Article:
Pratt student Melanie Hoff connected cables carrying 15,000 volts of electricity to a large plank of wood and then documented the results. Surprisingly the areas around each contact point don’t simply catch on fire or burn in a circle, but rather traverse outward in a fractal-like pattern, like lighting in slow motion. Watch it all unfold above. (via colossal submissions)
According to the New York Times sculptor Mario Ceroli is one of the least known yet most influential artists of the Italian post-war scene. His work spans over forty years and I encourage you to take a deep dive into his website to explore his wide range of installations and sculptures. Two of his most beautiful works depict crashing waves sculpted from thin layers of precisely cut wood and glass titled La Vague and Maestrale. The energy present in the works is remarkable as if any moment the materials are going to crash into the gallery floor. Also, if you’ve ever been to the Adelaide Botanic Garden in Australia you may have seen a similar piece by sculptor Sergio Redegalli called Cascade. (via connaissance des arts, claudio, and tate_ellen)
Chuck is an awesome shelving concept by German designer Natascha Harra-Frischkorn. The flexible shelving unit is made from six 4mm thick planks of wood that can be adjusted to hold small collections of books and other objects in a beautiful organic shape. Really wish this was actually a thing. (via soft shock)
Montreal-based artist Maskull Lasserre (previously) recently completed a new body of work for an exhibition titled Fable at Centre Space gallery in Toronto that ran through January 19th. Lasserre is known for his incredible ability to carve anatomical forms of animals, people, insects and other forms out of inanimate objects such as doors, tables, pianos, and even instruments. In a two part interview with Liana Voia (part 1, part 2) the artist discusses the intent behind his work:
When the remnants of life are imposed on an object, and that’s true especially with the carving work that I do, it infers a past history or a previous life that had been lived, so again where people see my work as macabre, I often see it as hopeful, as the remnants of a life. Despite the fact that the life has ended, at least that life had a beginning and middle as well, so often by imparting these bodily elements to inanimate objects it reclaims or reanimates them in a virtual way.
For his MFA Thesis Exhibit last September, Pennsylvania artist James McNabb created a beautiful collection of architectural wonders using discarded wood. He describes his process as “sketching with a band saw,” and says initial intent was not to build skylines, but instead began with the creation of the individual wooden pieces which resembled tools or other strangely familiar objects. After he built nearly 250 of them in a day they collectively began to resemble a miniature city. You can see many more works from the exhibition on his website.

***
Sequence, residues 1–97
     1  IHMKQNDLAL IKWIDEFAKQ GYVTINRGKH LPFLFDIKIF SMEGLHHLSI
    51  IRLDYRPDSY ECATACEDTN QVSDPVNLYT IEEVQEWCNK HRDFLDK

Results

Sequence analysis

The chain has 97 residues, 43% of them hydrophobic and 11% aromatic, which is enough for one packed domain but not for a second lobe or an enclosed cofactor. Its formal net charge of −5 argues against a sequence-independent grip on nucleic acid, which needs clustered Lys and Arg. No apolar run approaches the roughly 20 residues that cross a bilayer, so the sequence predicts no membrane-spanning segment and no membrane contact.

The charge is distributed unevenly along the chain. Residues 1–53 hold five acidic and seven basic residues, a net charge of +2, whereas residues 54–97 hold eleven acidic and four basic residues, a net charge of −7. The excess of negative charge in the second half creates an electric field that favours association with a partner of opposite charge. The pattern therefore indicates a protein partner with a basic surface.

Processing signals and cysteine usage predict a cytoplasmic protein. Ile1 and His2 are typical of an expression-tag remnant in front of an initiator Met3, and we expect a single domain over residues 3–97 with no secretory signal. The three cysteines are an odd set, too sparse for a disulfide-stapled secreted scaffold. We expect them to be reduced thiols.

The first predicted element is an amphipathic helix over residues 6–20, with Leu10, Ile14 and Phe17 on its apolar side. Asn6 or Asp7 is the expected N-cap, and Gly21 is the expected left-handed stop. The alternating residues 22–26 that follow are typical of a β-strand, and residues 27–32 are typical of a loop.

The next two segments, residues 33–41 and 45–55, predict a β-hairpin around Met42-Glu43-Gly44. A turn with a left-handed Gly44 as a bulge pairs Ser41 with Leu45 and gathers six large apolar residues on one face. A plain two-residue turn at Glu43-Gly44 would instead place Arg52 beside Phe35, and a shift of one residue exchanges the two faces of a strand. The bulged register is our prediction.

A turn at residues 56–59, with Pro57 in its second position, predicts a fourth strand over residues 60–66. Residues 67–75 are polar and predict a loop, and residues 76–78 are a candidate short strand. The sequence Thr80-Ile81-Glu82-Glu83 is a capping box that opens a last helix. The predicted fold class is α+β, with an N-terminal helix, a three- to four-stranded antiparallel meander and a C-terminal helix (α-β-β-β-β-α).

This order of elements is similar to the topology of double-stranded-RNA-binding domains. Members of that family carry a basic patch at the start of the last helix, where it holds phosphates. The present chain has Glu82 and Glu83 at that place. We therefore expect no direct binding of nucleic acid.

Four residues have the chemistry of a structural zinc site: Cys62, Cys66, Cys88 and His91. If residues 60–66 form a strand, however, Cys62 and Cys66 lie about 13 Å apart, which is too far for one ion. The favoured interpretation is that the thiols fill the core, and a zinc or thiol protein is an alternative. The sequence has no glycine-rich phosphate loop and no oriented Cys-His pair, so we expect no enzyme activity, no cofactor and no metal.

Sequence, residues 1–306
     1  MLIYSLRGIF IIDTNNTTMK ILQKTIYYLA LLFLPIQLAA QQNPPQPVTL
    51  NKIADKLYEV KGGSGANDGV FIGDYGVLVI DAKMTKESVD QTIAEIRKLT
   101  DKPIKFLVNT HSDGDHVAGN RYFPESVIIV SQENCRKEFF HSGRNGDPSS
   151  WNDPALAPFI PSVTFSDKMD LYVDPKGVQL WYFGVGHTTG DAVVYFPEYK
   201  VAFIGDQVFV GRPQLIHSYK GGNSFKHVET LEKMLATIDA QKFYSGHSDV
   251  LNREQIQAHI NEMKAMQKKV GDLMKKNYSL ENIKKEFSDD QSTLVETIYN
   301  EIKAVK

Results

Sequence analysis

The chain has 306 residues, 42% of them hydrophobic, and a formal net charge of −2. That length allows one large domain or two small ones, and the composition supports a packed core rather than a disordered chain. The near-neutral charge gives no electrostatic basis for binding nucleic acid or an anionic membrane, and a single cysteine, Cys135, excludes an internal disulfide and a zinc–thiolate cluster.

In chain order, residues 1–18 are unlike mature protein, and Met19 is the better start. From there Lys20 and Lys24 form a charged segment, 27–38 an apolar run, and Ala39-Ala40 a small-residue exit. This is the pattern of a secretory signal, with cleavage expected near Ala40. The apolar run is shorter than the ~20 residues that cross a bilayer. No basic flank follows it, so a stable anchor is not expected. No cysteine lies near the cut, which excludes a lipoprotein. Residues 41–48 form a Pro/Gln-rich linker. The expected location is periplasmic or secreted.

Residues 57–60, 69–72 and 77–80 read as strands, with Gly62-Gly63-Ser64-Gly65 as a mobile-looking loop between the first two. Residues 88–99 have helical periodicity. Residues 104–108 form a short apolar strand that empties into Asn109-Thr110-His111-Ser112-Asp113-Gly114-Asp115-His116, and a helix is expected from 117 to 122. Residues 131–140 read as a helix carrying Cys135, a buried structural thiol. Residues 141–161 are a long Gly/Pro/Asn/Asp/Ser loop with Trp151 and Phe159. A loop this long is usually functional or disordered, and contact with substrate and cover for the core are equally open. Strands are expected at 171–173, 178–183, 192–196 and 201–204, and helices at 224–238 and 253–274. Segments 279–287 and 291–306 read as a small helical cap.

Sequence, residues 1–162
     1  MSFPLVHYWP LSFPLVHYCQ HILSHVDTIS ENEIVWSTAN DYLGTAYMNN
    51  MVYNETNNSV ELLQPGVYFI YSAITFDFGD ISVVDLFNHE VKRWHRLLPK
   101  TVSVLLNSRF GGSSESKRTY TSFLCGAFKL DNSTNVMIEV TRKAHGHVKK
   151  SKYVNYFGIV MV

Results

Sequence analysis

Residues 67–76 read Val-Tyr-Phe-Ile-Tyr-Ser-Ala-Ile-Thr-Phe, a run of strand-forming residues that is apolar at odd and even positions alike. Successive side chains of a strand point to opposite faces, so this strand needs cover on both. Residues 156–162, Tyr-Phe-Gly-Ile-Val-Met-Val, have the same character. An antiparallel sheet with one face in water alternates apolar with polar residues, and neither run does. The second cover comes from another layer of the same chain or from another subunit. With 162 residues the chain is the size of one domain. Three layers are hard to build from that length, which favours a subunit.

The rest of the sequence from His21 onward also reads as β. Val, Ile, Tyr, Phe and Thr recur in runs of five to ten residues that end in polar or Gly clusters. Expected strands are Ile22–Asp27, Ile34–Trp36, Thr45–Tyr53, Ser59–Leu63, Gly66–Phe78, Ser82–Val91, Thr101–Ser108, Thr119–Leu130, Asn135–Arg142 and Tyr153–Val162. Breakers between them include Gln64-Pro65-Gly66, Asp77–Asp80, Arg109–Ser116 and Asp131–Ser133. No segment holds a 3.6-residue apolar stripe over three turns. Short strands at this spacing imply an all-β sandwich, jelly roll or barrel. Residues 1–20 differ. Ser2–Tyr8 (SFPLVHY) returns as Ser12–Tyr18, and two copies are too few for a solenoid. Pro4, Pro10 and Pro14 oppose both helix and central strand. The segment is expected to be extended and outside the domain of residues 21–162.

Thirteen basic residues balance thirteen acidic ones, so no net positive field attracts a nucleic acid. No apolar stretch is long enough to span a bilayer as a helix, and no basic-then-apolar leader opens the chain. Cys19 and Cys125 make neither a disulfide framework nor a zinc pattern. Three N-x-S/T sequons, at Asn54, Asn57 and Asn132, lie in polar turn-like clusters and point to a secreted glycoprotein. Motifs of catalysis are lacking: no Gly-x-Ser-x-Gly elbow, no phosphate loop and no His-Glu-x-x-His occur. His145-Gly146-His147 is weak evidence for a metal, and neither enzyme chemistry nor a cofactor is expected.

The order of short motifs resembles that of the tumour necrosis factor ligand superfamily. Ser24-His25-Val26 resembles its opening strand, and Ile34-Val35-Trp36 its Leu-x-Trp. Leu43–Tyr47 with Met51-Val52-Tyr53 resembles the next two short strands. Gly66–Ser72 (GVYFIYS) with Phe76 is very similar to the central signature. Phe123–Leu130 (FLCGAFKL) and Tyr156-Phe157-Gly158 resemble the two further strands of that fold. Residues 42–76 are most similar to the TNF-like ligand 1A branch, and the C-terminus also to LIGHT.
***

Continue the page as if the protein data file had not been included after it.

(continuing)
The Small Knocking Down the Big is a 2009 installation by Chinese artist Qiu Zhijie made from hundreds of cut wooden dominoes meant to loosely demonstrate the effects of something that has become known as Domino Magnification (if you really, really enjoy physics see the recent work of J. M. J. van Leeuwen). The basic premise is that any domino can knock over another domino that’s roughly 1.5 times larger, meaning that if you gently pushed a normal sized domino into a chain of bricks that increase in size each time by 1.5, the 32nd object will be large enough to topple the Empire State Building. In the video example above it takes only 13 dominoes starting with an object the size of a bean to knock over a 100 lb. slab!
Zhijie’s installation is somewhat less mathematical and more visual, but the same mathematical principles hold true. Participants are invited to knock over the smalles dominoes at the outer branches of the installation which eventually gain enough momentum to knock over the thicker blocks at the trunk. (via lustik)
This incredibly detailed skull made from repurposed skateboard decks is one of several new artworks from self-taught Japanese artist Haroshi (previously) who will be opening his second solo show at Jonathan Levine Gallery in New York on January 12. Don’t miss it.
Launched less than a month ago, Below the Boat makes gorgeous bathymetric charts (the underwater equivalent of a topographic map) using laser-cut layers of Baltic birch that are then carefully glued together to create what you see here. They have over two dozens charts currently available organized by East Coast, West Coast, and Interior Lakes. (via gessato)